If you didn’t know about Sapore Ravioli & Cheese, listen up. Until now, its out-of-the-way location in Middlesex, New Jersey, and modest advertising has kept only the locals in the know.
Even recommendations might be tough to come by, as fans may fear their favorite food joint will get too popular, and they’ll be waiting in longer lines. Unfortunately for those individuals, the word is out…
The Real Deal
“Everything is homemade the old fashioned way — hundreds of different types of pasta, stuffed ravioli, and sauces — all top quality,” said owner Domenick Discenza. “We buy the best of the best ingredients. People wait a long time to eat our products. We make cookies, sausages, roasted peppers. And we don’t have a deep fryer. We value our customers, treat them like family, and work with integrity. Once you taste it, oh my goodness, it’s the real deal.”
No, that wasn’t a thought-out sales pitch nor was it ad copy. That was Domenick’s response to “What is Sapore Ravioli?”
Domenick came up from making pasta by hand in Italy with his grandmother, to doing the same thing in a New York City restaurant. At 22 years old, he bought that restaurant. Twenty years later he sold it and moved to New Jersey. In 1997, Sapore Ravioli was born.
“Growing up, we cooked and didn’t buy anything. [I opened Sapore] to keep the family legacy,” said Domenick. “We’ll never deviate from quality and service.”
Oh, and Grandma? At 89 years young, she still comes to work when it’s time to make meatballs: fresh-chopped beef, golden eggs, breadcrumbs from the extra Italian bread, and fresh-grated Romano cheese.
Pasta, Sandwiches, and More
First and foremost, Sapore makes homemade raviolis and other assorted pasta like cavatelli, gnocchi, tortellini, manicotti, and more. This is where Domenick began. Now, his son Michael has picked up the business during a time of transition.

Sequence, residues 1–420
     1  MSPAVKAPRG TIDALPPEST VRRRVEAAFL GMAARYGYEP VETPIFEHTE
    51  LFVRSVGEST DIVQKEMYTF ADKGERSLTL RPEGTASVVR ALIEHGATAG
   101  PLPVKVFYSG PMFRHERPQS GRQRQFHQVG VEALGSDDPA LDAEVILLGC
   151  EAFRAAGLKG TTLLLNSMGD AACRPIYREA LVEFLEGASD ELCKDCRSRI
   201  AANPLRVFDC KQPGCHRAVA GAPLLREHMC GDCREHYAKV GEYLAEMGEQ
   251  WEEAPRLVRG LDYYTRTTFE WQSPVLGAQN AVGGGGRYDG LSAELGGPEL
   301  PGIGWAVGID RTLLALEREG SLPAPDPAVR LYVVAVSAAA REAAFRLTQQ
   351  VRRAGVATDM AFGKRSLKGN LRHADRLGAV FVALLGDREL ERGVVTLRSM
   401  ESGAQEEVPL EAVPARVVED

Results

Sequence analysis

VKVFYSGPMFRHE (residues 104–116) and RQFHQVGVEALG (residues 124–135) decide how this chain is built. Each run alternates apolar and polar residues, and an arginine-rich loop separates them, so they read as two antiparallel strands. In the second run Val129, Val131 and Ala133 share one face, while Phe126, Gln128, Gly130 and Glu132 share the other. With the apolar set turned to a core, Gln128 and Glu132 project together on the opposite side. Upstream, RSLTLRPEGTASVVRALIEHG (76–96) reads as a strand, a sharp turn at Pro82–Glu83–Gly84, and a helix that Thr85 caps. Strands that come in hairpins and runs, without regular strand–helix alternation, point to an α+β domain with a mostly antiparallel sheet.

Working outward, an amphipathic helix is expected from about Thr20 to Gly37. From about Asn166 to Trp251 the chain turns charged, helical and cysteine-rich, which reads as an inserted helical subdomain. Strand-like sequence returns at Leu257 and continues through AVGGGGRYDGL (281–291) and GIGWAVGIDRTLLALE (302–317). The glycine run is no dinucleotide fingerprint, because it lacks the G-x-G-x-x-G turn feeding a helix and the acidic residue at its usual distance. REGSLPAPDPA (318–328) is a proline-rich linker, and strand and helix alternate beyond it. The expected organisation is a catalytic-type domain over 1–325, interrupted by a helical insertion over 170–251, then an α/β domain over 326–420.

“Right now, our sandwiches are actually most popular,” said Michael. “It’s what people want: Fresh-made mozzarella, hot chicken cutlets, and homemade vodka or marinara sauce. I’m always gonna say ravioli first though, because the deli is a byproduct of being a fresh ravioli and pasta company. That got us where we are today.”
Anything one can imagine in an old-school Italian’s home kitchen is pretty much what customers can expect to find at Sapore Ravioli. Let your mind run wild, and try not to salivate too much.
“We make sauce in the summer,” said Domenick, “Like my grandmother used to make, 75 bushels of sauce. And we can it all summer.”
Sapore Ravioli has a large industrial kitchen where the cooks make sauce just like Grandma used to (and still does) make, gallon after gallon. Cans of sauce are available for purchase, alongside fresh pasta, and other packaged goods like roasted peppers. Right next door, customers flock to the deli counter to order hearty, comforting, and smack-your-lips-delicious sandwiches. One of the most popular sandwiches is called the Not So Chicken Little: chicken cutlet, homemade fresh mozzarella, homemade roasted red peppers, and balsamic vinegar and olive oil.
For dessert, Sapore offers homemade Italian cookies.
Location, Location, Location
Originally, the location was just meant for wholesale. After the community took to Sapore and business boomed, the family bought a building next door to expand operations and offer more parking.